Hank Karns said no more for a time. As a matter of fact, he was far from ready to land. He had deliberately come up on the wrong side of the planet for making the landing at Sam Atkins' little trading store. He wanted to give it a general bird's-eye view. It was in a valley scooped out by the wind that he saw the first sign of a major alteration. Behind a huge artificial wind-break lay a group of new buildings, and one of them was dome-topped with a squat chimney. A matter of ten miles farther away was another new house and a small warehouse behind it. Just over the next low ridge lay Atkins' place.

"Standby," warned Hank Karns, as he brought the ship's nose into the hurricane and began losing altitude. "Don't let go 'til I tell you—and that'll be when we're practically down."

Just as the keel kissed the ground, Karns gave the signal and the anchors fell. At the same instant he cut his rockets and the ship began falling away to leeward, dragging her anchors behind. In a moment they grabbed, pulled loose and grabbed again. That time they held. Karns released a long pent-up sigh. It was a perfect landing. Sam Atkins' house lay but a bare hundred yards on the quarter.

There was still the business of shooting a wire over the trading post and making it fast at both ends, Atkins coming out to do his share. Then Captain Karns slid down the wire to the shack and allowed himself to be hauled in by the trading post keeper.

"I'm glad to see you, Cap'n, and sorry at the same time," was his greeting from Sam Atkins. Atkins was a grumpy sort and a self-made hermit. He seemed to enjoy the solitude of windswept Mercury and the tedious, strenuous work of snaring cangrelas.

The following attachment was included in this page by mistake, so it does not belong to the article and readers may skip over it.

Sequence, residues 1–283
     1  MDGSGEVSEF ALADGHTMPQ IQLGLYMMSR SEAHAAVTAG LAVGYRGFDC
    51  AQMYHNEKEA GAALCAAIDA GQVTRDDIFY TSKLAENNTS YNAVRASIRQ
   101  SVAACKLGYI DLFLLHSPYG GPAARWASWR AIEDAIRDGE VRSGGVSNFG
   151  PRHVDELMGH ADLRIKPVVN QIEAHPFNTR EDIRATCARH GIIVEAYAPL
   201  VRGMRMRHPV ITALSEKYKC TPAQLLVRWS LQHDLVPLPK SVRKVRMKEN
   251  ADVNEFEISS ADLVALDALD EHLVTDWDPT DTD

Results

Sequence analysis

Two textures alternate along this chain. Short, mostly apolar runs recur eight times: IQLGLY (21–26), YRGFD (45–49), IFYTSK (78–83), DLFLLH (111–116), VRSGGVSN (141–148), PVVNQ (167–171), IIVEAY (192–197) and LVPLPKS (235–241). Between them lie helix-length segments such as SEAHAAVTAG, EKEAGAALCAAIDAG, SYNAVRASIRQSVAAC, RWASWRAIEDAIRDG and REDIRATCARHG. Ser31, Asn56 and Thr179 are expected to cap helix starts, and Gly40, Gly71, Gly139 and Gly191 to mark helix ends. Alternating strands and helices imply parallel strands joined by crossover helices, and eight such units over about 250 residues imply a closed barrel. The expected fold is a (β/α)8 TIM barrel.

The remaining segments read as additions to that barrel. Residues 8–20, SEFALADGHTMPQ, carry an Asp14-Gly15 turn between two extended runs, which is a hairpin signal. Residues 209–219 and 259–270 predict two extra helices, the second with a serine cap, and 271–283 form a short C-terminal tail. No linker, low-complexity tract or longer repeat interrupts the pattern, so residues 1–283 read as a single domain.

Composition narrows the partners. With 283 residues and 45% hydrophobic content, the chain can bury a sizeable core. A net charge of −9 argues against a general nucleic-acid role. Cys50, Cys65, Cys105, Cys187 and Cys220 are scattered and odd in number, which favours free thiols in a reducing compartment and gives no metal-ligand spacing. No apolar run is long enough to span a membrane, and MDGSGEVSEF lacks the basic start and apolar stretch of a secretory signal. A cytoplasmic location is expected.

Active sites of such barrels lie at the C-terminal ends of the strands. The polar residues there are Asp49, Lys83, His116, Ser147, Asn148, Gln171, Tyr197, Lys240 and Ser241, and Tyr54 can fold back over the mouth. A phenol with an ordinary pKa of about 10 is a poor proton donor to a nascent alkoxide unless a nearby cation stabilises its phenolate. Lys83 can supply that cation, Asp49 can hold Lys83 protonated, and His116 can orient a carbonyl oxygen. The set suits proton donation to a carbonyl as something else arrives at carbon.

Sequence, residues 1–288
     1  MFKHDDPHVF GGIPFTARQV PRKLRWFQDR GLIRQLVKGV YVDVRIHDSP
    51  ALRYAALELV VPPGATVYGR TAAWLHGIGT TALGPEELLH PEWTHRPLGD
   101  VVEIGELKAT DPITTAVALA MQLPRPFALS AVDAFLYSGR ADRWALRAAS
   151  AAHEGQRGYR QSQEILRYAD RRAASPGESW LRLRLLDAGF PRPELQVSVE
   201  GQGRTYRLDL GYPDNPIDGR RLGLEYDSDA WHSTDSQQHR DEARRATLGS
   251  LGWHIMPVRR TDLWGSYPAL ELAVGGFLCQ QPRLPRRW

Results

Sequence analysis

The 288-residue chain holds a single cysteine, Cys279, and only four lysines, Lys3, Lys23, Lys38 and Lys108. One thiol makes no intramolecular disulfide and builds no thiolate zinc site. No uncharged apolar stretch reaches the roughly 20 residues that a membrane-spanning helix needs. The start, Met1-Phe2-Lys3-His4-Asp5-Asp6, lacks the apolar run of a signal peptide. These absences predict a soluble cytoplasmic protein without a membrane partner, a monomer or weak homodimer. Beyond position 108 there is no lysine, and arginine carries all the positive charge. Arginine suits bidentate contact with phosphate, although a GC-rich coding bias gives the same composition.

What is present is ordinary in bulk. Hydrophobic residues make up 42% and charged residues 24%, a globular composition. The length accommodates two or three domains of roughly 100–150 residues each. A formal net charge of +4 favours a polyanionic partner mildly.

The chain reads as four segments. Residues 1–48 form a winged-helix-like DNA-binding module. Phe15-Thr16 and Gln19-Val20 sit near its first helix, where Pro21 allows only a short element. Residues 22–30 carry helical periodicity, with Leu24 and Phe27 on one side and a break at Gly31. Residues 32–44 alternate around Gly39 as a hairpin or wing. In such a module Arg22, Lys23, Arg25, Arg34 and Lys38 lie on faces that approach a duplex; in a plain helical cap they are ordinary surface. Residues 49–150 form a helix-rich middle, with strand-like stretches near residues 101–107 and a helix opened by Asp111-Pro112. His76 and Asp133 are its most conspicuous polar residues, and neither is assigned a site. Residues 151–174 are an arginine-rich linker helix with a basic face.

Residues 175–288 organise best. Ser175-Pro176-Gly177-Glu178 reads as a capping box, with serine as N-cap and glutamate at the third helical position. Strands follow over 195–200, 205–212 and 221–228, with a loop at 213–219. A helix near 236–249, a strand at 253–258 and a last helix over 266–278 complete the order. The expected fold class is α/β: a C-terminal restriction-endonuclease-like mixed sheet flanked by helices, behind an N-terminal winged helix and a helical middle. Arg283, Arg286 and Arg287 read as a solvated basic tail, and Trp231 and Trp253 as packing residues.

"How come sorry, Sam?" asked Hank Karns, as innocently as if he had never visited Venus.

Atkins looked mournfully at him and jerked a thumb eastward.

"I've got neighbors—bad ones. Whatever you do, don't go over there. They'll trick you somehow. They don't want outsiders coming here, they've got a ship of their own that makes a trip every week or so."

Hank Karns raised his eyebrows.

"Trocklebecks must be breeding faster'n they used to," he observed. "Mercury never produced enough to justify more than two trips a year, if that."

"Trocklebecks," stated Atkins, "are practically extinct. And the cangrelas are starving. I doubt if I could scare up four cases of prime claws to save my soul. It's pagras that's doing it. The place is crawling with them. They bite the trockelbecks and they curl up and die."

"Mmm," commented Hank Karns. He remembered those serpents well. They were originally a Venusian beast—a variety of dragon, and extremely venomous. They were really legged snakes, having thirty-six pairs of taloned legs and crab-like claws near the head, but the body was slender, rarely exceeding a yard in girth, for all their thirty-foot lengths.

"I'm closing up shop here," said the gloomy Atkins next. "You can take the pick of what I own if you'll set me down at the next stop you make."